I spent the first part of last week in Phoenix at the Bank Director Acquire or Be Acquired (AOBA) conference and as always I came away feeling like I knew more about industry conditions and expectations than I did when I got on the plane. If you are a bank executive, you should probably be there every year and may want to consider taking your team on a rotating basis every year. If you serve the industry in some way, you must be there as well. If you are, like me, a serious bank stock investor, you need to be there at least once every few years to stay on top of how bankers feel about their industry and how they plan to grow their banks.
The mood this year was much more upbeat than last year. All the concerns about low interest rates, regulatory costs and other potential headwinds have been blown away by a blast of post-election enthusiasm. Bankers were almost giddy in anticipation of higher rates, a stronger economy and possible regulatory relief. Everyone I talked with during my three-day stay was upbeat and enthusiastic about the future of banking.
There has also been a tremendous change in bankers’ view of fintech of late. Fintech companies have often been viewed as the enemy of smaller banks, and I have talked with many community bankers who are legitimately concerned about their ability to keep up with the new high-tech world. One older gentleman told me at Bank Director’s Growing the Bank conference last May in Dallas that if this was where the industry was going, he would just retire as there was no way he could compete with the upstart fintech companies.
Over the course of the last year, however, a different reality has begun to set in. Fintech companies have discovered that the regulators and bankers were not ready to concede their traditional turf and consumers still like to conduct business within the highly regulated, insured-deposit world of traditional banking. Banks have begun to realize that instead of relying on their traditional practices, much of what fintech companies are doing could make them more efficient and enable them to offer services that attract new customers and make those relationships stickier.
It has become apparent to many of the bankers I chatted with that fintech is not a revolution but an extension of changes that has been going on for years. Drive through bank branches and ATMs were also thought to be revolutionary developments when they were introduced, and today they are considered standard must-have items for any bank branch. Mobile banking is just another step along the evolutionary scale. More customers today interact with their mobile devices than through traditional means like branch visits, phone calls and ATM transactions. That’s not going to change, and bankers are adjusting.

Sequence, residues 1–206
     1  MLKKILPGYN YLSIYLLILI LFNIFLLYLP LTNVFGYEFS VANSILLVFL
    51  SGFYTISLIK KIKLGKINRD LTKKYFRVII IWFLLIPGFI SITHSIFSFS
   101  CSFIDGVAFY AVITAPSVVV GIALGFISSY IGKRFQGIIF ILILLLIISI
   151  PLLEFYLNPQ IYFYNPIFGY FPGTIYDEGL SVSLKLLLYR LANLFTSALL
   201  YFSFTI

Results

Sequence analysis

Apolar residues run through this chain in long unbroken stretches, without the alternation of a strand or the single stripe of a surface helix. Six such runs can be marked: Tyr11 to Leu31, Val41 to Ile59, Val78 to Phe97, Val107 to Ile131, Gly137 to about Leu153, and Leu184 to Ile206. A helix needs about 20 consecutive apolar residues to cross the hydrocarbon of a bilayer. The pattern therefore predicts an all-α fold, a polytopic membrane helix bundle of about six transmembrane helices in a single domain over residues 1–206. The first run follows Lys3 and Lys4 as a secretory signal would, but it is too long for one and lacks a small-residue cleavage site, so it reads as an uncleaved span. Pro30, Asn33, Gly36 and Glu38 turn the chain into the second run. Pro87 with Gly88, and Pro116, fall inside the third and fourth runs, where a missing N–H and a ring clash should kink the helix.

Chris Nichols of CenterState Bank spoke in a breakout session about using fintech to improve the bottom line. He pointed out that if you used the traditional banking approach based on in-branch transactions it cost about $390 per customer per year to service your clients. Using the same cash required to build a branch and spending it to improve the bank’s mobile offering could bring the annual cost per customer down to just $20 a year. Processing a customer deposit costs the average bank about $2 if done in a branch and just $0.20 if done via a mobile phone. Nichols also suggested that acquiring a C&I loan customer could be as high as $14,200 when done via traditional banking methods, but the expense drops to just $3,060 if the transaction is done on a mobile platform.
The proper use of fintech, according to Nichols’ presentation, should also allow banks to lower their efficiency ratio and increase their returns on assets and equity. That is the kind of news that gets bank CEOs and boards excited about expanding the use of technology even if they still carry flip phones and use AOL for home internet.
While you can expect to see partnerships between bankers and fintech companies expanding in the future, bankers will use the technology that reduces costs or creates more revenue streams. They will offer the mobile payment and deposit services customers demand today. The litmus test for technology is, "Does it make or save me money or dramatically improve my customer relationship?" If the answer to these questions is no, then banks will pass on even the most exciting and innovative fintech ideas. They are bankers, after all, not tech gurus.